Adventures in ecotourism
I try so hard to be friendly to the environment. So I know that one of the first big no-no’s of being eco-friendly is to get on a plane. But that’s exactly what I did in order to get to Cusco, Peru for my two weeks of vacation. (It was that or two weeks spent at the local botanical gardens, and I think I made a good choice.) Four flights and many tons of carbon emissions later, I landed in the beautiful center of the ancient Incan empire.
With an incredible diversity of ecosystems, and thousands of species of interesting-looking plants and animals, Peru thrives on what’s called ecotourism. Ecotourism has a glut of definitions, but it’s generally understood to mean a more responsible way of traveling that benefits the environment and the local people. But on top of my hypocritical airplane travel, I had to wonder if it’s possible for ecotourism to be eco-friendly.
Even though I was surrounded by natural beauty, I was constantly polluting by default. The fuels used in Peru are far less clean than those in America – something I experienced during a biking trip when I became engulfed in a cloud of noxious fumes and dust every time a car, truck, or “Ecological tourism” bus passed. 8 – 12 hours each way in a jungle-bound van added to my carbon footprint and my fear of death, as the road clung to steep mountain edges. There was limited recycling. In certain towns, there were cans labeled “Organic” and “Inorganic”, nothing marked what that meant. In the mountain towns, banks of small streams were littered with plastic, and everywhere, sewage emptied directly into the river.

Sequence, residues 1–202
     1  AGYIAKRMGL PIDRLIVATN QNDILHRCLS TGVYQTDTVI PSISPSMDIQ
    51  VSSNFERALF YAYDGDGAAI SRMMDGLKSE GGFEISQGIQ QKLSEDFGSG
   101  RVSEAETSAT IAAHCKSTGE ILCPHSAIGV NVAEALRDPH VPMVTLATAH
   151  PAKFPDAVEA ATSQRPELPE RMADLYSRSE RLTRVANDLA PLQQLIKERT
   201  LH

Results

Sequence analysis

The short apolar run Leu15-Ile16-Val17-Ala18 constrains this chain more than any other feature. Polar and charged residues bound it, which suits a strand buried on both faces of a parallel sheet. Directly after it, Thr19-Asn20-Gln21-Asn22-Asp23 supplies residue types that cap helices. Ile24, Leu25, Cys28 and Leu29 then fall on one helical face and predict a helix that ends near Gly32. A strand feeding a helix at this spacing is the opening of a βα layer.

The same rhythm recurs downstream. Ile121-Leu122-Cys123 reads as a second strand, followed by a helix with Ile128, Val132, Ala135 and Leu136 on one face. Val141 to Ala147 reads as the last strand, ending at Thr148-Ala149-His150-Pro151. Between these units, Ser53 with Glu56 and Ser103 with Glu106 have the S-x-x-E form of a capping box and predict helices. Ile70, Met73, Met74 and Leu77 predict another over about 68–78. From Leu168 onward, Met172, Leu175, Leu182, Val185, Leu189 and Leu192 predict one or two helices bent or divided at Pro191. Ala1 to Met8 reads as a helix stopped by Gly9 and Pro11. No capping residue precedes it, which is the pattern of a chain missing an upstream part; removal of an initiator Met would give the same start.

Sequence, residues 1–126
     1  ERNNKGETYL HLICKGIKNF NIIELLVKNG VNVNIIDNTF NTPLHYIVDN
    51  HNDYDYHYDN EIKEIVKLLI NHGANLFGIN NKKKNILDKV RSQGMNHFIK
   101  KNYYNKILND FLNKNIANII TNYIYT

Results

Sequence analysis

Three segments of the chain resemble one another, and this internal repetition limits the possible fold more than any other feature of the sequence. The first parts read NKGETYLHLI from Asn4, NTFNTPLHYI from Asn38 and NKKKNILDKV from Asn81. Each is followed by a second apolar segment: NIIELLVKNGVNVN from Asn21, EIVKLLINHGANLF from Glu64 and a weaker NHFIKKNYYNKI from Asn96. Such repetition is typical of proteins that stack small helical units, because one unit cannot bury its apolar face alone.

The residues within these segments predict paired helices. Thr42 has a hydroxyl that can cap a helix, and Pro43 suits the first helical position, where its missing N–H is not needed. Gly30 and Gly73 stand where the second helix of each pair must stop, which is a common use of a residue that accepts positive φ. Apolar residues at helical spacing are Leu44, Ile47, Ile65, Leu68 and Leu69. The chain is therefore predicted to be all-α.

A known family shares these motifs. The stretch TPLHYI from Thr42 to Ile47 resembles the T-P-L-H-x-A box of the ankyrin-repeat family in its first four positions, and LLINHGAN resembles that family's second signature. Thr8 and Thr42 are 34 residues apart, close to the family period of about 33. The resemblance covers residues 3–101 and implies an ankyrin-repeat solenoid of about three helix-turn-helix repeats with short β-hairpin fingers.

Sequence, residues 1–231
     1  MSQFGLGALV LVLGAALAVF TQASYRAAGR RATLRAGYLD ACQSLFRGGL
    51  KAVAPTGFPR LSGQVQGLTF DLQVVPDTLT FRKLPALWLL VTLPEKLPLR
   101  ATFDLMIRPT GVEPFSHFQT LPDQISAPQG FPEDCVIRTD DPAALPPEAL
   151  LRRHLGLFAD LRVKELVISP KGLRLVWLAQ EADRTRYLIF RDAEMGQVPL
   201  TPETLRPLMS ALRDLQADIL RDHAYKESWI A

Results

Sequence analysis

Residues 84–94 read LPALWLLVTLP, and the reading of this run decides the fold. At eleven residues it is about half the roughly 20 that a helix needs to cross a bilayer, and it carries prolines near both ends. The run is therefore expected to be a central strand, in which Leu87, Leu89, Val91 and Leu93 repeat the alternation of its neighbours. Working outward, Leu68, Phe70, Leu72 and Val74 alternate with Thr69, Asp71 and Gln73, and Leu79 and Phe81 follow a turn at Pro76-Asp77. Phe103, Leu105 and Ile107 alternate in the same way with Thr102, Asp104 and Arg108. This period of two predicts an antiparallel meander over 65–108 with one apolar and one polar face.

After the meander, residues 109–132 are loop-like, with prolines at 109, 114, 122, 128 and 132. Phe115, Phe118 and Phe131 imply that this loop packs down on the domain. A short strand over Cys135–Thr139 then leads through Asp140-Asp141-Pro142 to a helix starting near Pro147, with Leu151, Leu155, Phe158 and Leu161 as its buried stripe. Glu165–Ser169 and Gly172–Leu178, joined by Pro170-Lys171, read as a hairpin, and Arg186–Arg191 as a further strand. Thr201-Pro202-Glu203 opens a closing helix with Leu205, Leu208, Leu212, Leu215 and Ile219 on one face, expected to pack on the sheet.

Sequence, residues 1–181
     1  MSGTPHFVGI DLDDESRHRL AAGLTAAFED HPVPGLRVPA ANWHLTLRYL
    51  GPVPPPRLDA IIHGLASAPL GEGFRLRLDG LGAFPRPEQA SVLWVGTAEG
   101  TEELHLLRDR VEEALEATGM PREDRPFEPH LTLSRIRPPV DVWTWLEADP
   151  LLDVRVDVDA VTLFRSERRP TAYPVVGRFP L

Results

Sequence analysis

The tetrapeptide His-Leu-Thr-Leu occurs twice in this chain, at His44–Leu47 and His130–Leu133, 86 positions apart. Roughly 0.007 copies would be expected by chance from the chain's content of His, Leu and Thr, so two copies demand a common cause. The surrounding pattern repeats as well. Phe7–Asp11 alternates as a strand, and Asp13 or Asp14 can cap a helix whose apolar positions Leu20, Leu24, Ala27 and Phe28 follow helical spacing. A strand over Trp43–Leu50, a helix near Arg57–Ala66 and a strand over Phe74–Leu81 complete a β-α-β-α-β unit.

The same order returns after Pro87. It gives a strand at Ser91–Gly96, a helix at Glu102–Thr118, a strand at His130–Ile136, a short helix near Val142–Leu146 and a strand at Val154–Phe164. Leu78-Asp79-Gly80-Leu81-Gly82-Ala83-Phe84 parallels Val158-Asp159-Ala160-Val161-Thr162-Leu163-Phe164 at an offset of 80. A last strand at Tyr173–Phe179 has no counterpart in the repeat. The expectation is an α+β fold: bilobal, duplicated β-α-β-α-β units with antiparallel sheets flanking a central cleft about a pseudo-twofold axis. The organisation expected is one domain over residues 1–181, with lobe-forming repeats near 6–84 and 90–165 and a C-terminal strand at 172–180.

Our guide in the Manu jungle was a former park ranger who had an excellent eye and knowledge about Manu’s flora and fauna, and gave small speeches about global warming. But I couldn’t help but feel that I was exacerbating the problem. And how did I know that my activities were benefiting the local environment and community, asides from providing jobs and foreign income?
It would be great if infrastructure improvements were made and attributed to Peru’s ecotourism industry – better roads, treatment facilities, more recycling, and cleaner fuels – things that would both benefit local communities and enhance tourism.
Traveling in Peru is cheap, and I often wondered how anyone made a profit, much less provided environmental and social benefits. A new study from the environmental group Oceana found that one group of ecotourists, scuba divers, would be willing to pay on average, $55.35 to see healthy coral reefs, $39.36 for healthy sharks, and $29.63 for healthy sea turtles.
The survey shows that sharks are cooler than turtles. It also shows that people are willing to pay more to benefit what they enjoy. Certainly, my eco-guilt wouldn’t be quite so great if I knew that somehow, my visit had helped Peru.